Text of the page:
I grew up in the 1970s and 1980s and remember seeing glass bottles of Coca-Cola with a redemption rate of 5 cents per bottle, but I wasn’t lucky enough to live in a "bottle bill" state, those that require a deposit on beverage containers to boost recycling rates. As a child, I looked at the redemption rate as a revenue-generating venture, not a way to promote recycling and raise revenues. In the 1970s, a nickel was a large enough refund to encourage recycling and discourage purchasing sodas, beer and other "sinful" drinks. Today, a nickel doesn’t even cover the time it takes to take the bottles to a redemption center.
Daniel Engber discussed the benefits of increasing bottle deposit rates in an article he wrote for Slate, A Nickel Isn’t Worth a Cent.
“The laws’ indifference to the cost of living is absurd. In the time since deposits were invented, their value has declined by 83 percent: Today’s nickel wasn’t worth a penny in 1971. (The average yearly wage back then was $6,500; today it’s $43,000.) If state governments had thought to peg their bottle bills to inflation, we’d now be paying almost 30 cents on the cost of every single can, or an extra $1.80 for a six-pack. But it’s not too late to make up for this oversight. Restoring the oomph to bottle regulation would do more than satisfy our common sense. It could improve the public health.”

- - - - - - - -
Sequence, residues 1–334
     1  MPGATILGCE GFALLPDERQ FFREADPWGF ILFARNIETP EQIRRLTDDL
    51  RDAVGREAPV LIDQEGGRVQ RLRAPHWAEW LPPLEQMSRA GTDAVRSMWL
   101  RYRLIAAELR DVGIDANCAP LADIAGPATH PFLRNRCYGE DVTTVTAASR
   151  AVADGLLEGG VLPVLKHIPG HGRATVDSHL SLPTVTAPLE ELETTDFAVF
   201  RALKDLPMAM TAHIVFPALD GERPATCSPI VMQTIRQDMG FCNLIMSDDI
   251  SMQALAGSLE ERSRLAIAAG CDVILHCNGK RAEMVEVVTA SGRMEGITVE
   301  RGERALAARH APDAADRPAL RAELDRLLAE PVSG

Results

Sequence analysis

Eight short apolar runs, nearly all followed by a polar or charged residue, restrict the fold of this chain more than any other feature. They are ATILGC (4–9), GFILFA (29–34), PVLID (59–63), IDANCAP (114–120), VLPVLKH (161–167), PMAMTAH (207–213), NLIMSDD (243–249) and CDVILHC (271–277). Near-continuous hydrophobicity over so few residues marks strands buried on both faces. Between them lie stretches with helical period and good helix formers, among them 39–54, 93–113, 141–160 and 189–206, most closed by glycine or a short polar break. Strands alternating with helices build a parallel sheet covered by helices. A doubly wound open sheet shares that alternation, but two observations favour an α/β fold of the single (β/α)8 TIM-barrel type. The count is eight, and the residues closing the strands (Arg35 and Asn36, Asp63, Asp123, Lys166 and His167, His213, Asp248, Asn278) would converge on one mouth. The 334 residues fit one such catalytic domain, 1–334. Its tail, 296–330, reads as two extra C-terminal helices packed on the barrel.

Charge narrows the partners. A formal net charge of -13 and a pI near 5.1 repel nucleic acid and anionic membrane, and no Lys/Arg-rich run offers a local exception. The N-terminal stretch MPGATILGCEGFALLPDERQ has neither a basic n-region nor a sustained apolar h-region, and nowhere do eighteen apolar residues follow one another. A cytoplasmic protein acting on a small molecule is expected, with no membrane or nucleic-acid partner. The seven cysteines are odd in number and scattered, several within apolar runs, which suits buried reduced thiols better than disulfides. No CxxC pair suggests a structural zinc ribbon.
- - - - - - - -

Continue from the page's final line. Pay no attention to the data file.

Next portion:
A six-pack of brand-named soda at my local grocery store runs about $2.99, so $1.80 in deposits would make my carryout price 60 percent higher. I can guarantee you that if I wasn’t already inclined to recycle, a 60 percent premium on my beverage would insure that the empty cans made it to the redemption center. If a redemption center wasn’t nearby, then I’d seriously reconsider my beverage options, and that's where improved public health comes into play.
Sweet drinks are not only unhealthy, they are also tied to the growing obesity epidemic in the nation. A higher deposit rate could curb consumption in a way that is more acceptable to the public than New York Mayor Michael Bloomberg’s attempt to tax and ban sugary drinks. Engber points out that bottle bills are already on the books in many states, and changing the way that system works may be easier than implementing an entirely new system.
What do you think — should bottle deposit rates be increased?
Related on MNN:
- Nickel deposits on bottled water in N.Y. to take effect Oct. 31
- Reimagine: A lean, mean bottle- and can-recycling machine
- Bottle recycling
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